Close up shot of a dark coloured cocktail

Five top Hobart feasts

Hobart’s reputation for exciting, boundary-pushing cuisine is well deserved and strong enough to make the rest of Australia sit up to attention.

Whether you are dining in the basement of Mona, the back streets of the city, or a CBD hole in the wall, the food is fresh, original and exciting. It draws on the abundance of excellent Tasmanian produce and serves up the expected with flair. Here are five dining options that will make you hungry to visit.

Faro, Mona

The only thing you can predict about dining at the Museum of Old and New Art (Mona) is that it is unpredictable.

Dining at Faro, where the restaurant is reverse engineered around an art installation, turns a meal into an experience. Built around the enormous white globe of James Turrell’s Unseen Seen with his Weight of Darkness waiting around the corner, the restaurant is an eye-stopping space.

Unpredictable dining at Faro.

Walk in here and you’ll be stunned by the 13m high ceilings and the first natural light in the museum. Do you look at the expansive Derwent River views, the white sphere, or your plate? Probably all three in quick succession until eating becomes your imperative.

Mona’s executive chef Vince Trim describes Faro as a place to invigorate you for the rest of your exploration. Originally from New Zealand, Vince has been ‘let loose in the Mona kitchen’, as he describes it, for 10 years. His culinary passion is evident, and it drives the eclectic European-inspired seasonal menu to great heights.

The menu teases, starting with little and small plates, then working up to large plates, and is spiked with ingredients you have never heard of before. It’s okay to ask the wait staff to explain what guindilla, kunzea or saltbush furakaki might be before you order. They may be new flavours to your palate, but you can be sure your taste buds will be delighted to meet them.

The drinks do not disappoint either. Faro’s black margarita with a feral pig eye encased in ice is a beautiful but confronting concoction. An offshoot of Mona’s Eat the Problem exhibition, which aims to deepen the appreciation of sustainable thinking, the cocktail is available on request, when the tricky ice cube ball machinery is working.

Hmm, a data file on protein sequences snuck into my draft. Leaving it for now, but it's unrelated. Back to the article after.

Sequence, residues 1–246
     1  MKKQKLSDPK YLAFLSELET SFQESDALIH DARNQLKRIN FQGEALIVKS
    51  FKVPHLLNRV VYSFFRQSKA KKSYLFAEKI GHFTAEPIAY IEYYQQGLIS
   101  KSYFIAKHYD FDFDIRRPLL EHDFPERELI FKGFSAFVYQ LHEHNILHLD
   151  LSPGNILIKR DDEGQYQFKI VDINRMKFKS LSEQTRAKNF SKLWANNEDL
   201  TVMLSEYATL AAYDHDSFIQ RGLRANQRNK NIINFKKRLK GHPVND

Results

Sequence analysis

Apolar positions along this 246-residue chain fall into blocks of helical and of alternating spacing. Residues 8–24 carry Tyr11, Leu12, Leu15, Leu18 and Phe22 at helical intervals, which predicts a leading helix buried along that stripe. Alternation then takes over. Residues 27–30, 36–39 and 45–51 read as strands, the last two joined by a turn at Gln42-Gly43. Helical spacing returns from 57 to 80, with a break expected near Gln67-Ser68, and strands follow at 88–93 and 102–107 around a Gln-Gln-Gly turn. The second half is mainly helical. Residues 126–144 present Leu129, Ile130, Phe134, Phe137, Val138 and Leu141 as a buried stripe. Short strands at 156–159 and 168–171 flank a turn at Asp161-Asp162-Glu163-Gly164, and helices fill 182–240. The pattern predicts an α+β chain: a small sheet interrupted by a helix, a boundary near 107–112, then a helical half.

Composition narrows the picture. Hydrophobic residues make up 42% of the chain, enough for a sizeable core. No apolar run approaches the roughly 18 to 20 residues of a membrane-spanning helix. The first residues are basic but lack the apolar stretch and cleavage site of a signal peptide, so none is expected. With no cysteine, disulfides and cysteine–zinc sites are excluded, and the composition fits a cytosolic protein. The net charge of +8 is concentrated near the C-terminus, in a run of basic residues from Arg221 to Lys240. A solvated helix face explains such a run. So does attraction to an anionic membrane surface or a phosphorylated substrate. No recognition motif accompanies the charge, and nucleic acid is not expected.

Unpredictable dining at Faro.

Templo, Hobart

Dining at Templo is like going to a party at someone’s house where the crowd is pumping and the food is deliciously approachable.

Small and cosy, the restaurant might be located in the back blocks of Hobart, but it does not miss out when it comes to awards, taking home a hat in the Good Food Guide 2019.

The small, seasonal Italian-influenced menu is filled with the sort of dishes that make your mouth water just thinking about them. The cooking is inventive but not over-the-top, the service fast and friendly.

Owners Chris Chapple and Matt Breen, who is also head chef, source their produce direct from a handful of suppliers, farmers and producers.

The menu changes regularly, but the gnocco fritto (small fried bread puffs) is available every day, along with handmade pasta. You might also find baked sardines or pork neck with braised greens alongside fried quail. If it all sounds too tempting, a chef’s menu with small tastes of everything should suffice. There’s also a window through to the kitchen so you can see all the action unfold.

Tasmanian Wild Seafood Adventures

If you have never been fond of the flavour of sea urchin, this half-day cruise on the Derwent River and around Bruny Island could change your mind. 

You’ll see skipper and diver Shane Wilson jump overboard and bring up the ocean’s bounty ready for your feasting pleasure. There are sea urchins and periwinkles in the bag when Shane emerges and climbs, dripping, onto the deck. Those periwinkle shells that have been colonised by cute red hermit crabs get thrown back into the sea. The sea urchins are not so lucky. They are the fourth course in this deep-to-dish experience.